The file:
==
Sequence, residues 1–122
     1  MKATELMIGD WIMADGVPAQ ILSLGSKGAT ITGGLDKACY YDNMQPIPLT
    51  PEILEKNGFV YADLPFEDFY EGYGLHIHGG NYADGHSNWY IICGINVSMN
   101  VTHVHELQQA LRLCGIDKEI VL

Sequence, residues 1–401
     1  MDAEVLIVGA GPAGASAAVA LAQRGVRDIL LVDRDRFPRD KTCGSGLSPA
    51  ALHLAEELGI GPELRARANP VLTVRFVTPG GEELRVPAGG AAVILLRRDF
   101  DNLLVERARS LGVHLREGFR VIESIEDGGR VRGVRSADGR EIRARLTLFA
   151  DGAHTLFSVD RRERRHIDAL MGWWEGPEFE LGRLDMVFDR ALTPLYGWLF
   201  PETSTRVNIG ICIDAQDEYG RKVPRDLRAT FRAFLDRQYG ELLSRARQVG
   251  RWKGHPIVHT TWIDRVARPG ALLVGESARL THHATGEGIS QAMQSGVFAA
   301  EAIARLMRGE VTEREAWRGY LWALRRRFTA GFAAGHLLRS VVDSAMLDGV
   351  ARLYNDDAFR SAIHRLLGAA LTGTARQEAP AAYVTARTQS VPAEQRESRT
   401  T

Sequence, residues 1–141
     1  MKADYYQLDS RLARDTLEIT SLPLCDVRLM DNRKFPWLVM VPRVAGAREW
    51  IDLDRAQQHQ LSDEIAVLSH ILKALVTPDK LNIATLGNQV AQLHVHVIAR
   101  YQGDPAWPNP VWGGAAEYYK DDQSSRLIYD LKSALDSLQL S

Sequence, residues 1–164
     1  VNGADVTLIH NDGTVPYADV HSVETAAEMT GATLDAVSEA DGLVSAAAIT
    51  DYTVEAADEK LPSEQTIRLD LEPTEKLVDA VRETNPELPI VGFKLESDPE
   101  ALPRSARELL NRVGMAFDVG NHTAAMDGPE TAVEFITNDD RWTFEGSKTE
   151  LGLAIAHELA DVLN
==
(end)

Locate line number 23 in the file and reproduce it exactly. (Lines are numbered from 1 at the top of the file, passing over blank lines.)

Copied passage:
   151  LGLAIAHELA DVLN